The evolution of Elizabeth Birdsall’s Charlottesville, Virginia, homestead—a heavily wooded lot saddled between two small rivers—unfolded over more than a decade. After a few gradual updates, she enlisted her friend Anna Boeschenstein of Grounded Landscape Architecture & Design for a project that would transform the sprawling property into a gathering place for extended family. Boeschenstein’s design, dubbed Turkey Saddle for its topography and surplus of gobbling wildlife, created a versatile outdoor space that accommodates children at play and elderly visitors in need of stable ground.
Birdsall’s first renovation challenge involved a 1983 ranch house on the property that didn’t suit her personal style, so she called on local architecture firm Formwork to help her recalibrate the 2,300-square-foot structure. Rather than demolish it, Formwork principals Robert and Cecilia H. Nichols devised a plan to modernize the house, while keeping it low and unobtrusive against the land.
“The siting is ideal since the original house was nestled on a contour just below the horizon line,” says Cecilia, “thereby complying with one of Elizabeth’s requirements, which was to stay stealthy relative to the road that runs on the ridge.”
They extended the structure along the same rising contours, adding a second volume, below the tree line, that connects to the main house with a glass bridge. The three bedrooms were moved to the new wing, while the older section was reconfigured as an open living-dining-kitchen area on the main level with a library and guest room below. Another landscape designer, Sara Osborne, created the initial site plan and contributed many elements that are visible today, like a field of serviceberry trees.
After Birdsall settled into the updated house, everything changed. She went through a divorce, remarried, and adopted two boys. The time she spent living on the property—plus the addition of her husband, Eric Young, and their children, Bodhi and Atticus—changed her needs and outlook. With her parents living on the property adjacent to her own 25 acres, she wanted her home to become more accessible for them and serve as a playground for the boys, ages three and four.
Birdsall connected with Boeschenstein after the landscape designer finished graduate school and moved back to her hometown of Charlottesville. The two bonded over their mutual love of design during Tuesday dinners with a larger group of friends. After discussing her vision with Boeschenstein, Birdsall reenlisted Formwork to add two buildings to the site—a garage and a two-story house with a guest apartment below and workshop space above. “Elizabeth had a really great instinct to bring in [Anna] in the beginning so that our work would have a dialogue,” Nichols says. “I think it shows in the result.”
Boeschenstein created a series of ipe decks that form pathways around the two main buildings of the house and provide platforms that combat the site’s steep and complex grades. There are two outdoor courtyards connected by the decks. The “wet courtyard” is where the children play in a water feature that is fed by rainwater collected from the breezeway roof and channeled down hanging brass chains. A trough at the base uses gravity to feed the water into two pipes embedded in the concrete wall below.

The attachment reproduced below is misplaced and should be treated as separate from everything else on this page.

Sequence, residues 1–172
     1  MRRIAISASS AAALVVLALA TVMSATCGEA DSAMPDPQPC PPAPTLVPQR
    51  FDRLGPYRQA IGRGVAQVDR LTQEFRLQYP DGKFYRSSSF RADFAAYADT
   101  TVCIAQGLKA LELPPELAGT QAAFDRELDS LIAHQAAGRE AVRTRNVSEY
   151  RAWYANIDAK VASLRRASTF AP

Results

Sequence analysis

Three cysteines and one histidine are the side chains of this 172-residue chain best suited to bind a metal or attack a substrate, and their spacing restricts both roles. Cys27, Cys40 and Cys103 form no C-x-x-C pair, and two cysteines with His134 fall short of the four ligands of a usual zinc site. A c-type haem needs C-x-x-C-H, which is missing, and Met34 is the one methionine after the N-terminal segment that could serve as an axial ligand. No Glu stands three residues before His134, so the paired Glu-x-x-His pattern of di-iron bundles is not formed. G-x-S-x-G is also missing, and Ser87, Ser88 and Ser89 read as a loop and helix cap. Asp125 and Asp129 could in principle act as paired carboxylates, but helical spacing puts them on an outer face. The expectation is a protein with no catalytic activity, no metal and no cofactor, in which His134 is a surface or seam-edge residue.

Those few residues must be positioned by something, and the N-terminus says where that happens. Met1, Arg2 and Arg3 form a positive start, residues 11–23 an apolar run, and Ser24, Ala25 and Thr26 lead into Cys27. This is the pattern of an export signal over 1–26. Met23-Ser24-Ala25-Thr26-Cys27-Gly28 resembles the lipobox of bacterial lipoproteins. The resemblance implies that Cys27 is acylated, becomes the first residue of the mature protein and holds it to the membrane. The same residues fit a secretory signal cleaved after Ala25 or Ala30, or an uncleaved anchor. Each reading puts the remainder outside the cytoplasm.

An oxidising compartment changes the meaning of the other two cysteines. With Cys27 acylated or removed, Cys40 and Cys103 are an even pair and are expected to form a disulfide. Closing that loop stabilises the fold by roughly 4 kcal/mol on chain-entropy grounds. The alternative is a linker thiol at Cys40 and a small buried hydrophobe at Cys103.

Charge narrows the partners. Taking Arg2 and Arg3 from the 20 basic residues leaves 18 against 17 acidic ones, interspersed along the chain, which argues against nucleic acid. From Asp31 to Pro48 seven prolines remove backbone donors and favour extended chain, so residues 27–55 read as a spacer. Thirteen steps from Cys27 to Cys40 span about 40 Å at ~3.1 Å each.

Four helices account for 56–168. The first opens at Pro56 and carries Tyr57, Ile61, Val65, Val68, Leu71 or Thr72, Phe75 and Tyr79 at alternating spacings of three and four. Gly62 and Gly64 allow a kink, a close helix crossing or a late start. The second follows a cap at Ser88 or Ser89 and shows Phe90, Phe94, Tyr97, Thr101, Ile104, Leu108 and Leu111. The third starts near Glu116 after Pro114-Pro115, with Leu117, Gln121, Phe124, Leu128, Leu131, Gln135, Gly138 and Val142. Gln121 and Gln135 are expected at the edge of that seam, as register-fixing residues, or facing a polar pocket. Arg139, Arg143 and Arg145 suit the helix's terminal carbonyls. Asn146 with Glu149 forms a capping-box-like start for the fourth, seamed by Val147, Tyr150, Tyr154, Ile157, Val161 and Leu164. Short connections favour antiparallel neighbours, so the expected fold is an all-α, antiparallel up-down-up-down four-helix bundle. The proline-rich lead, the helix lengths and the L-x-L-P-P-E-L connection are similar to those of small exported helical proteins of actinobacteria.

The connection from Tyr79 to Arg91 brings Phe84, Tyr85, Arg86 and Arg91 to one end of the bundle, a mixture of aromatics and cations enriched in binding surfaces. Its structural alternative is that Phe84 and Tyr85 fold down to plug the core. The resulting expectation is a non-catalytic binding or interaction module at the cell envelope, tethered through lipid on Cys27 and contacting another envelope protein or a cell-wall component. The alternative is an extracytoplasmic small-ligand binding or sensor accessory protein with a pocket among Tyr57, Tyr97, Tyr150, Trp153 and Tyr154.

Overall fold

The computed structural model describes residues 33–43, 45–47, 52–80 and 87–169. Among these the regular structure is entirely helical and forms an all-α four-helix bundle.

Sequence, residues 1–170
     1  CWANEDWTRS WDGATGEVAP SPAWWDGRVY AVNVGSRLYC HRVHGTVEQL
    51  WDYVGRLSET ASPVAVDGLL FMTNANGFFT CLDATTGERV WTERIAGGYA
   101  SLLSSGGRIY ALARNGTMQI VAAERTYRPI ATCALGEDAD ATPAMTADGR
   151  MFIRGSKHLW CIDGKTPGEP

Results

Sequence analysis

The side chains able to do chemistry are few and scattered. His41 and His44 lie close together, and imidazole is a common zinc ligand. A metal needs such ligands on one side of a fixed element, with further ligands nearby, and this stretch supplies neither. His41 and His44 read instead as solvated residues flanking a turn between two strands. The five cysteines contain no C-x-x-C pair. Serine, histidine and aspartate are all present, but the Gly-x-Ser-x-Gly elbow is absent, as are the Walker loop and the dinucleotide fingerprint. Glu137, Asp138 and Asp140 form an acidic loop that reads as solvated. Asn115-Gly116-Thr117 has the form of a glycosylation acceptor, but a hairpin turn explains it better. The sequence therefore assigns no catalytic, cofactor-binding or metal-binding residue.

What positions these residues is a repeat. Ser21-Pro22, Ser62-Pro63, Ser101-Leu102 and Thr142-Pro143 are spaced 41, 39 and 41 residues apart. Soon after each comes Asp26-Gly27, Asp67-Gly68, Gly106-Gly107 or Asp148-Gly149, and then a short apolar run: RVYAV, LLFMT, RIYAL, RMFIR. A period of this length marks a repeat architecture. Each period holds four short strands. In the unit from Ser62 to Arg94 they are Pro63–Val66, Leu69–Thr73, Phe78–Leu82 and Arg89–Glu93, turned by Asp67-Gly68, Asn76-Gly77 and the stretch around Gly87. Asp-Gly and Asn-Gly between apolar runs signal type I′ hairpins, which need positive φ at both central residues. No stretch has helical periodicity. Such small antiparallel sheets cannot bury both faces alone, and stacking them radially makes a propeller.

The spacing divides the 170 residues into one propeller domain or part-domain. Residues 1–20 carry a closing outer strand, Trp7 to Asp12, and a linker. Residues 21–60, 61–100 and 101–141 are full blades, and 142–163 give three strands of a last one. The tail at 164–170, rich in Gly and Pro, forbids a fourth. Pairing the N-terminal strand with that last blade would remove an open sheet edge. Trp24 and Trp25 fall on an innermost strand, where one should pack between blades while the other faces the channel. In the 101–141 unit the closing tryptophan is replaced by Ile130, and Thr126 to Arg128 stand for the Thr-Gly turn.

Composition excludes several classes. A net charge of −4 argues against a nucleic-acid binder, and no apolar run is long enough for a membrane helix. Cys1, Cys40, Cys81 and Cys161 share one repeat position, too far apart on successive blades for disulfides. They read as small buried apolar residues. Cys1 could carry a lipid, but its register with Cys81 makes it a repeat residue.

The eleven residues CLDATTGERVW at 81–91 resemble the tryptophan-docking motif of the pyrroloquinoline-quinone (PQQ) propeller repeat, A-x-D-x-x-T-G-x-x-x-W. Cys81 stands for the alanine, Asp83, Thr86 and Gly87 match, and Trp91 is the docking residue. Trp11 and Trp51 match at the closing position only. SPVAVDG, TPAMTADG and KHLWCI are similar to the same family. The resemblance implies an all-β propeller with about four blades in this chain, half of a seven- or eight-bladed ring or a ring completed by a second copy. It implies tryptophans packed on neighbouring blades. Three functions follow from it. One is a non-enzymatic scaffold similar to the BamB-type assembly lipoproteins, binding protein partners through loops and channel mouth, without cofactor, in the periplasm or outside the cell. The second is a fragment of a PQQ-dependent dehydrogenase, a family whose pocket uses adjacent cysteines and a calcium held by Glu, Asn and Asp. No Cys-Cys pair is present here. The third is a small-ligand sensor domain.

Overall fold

Within this concrete-paved surface, boulders from a mountainside double as furniture. Below, concrete steps, which line up perfectly with the interior stairs on the other side of a glass facade, lead to an outdoor living room. Gloster’s Cloud seating, upholstered in Sedona, a rusty orange fabric, is grouped under the glass walkway connecting the home’s two structures.
“The playful aspect of this landscape is meant to appeal to all ages. It was not designed for one spectrum or the other,” Boeschenstein says. The boulders were selected to act as simple playthings, a lounge space, or simply as sculpturally intriguing objects when viewed from the zigzag deck above.
Boeschenstein designed the decks to run around the site’s mature oak trees; she also continued the upper yard’s existing grid of serviceberry trees. The overall planting strategy was to keep it simple with big swaths of the same plant, like the short, grassy Panicum virgatum, commonly known as switch grass, selected for its slightly bluish tinge that picks up the gray in the decking. In the summer it exhibits red tips; by fall it turns beige.
Although the walkways look seamless, it was a serious challenge to keep them even. The architects maintained a height of less than 30 inches from the ground to avoid adding visually distracting guardrails. At the lowest platform deck—a dramatic spot with views down to the land’s lowest topographical point, the Moormans River—they added a climbing rope play feature at Birdsall’s suggestion.
For the children at Turkey Saddle, biking on the decks is the thing that they love the most, a close second to decorating the stucco, concrete, and decks with sidewalk chalk. In addition to Birdsall’s parents’ place across the river, her sister’s family lives on an adjoining lot. “There’s love, affection, and familiarity with this site shared by three generations,” Birdsall says of the place where she hopes to live forever.
Sarah F. Cox is a New York-based freelance writer who has written for Architectural Record and the Architect’s Newspaper.
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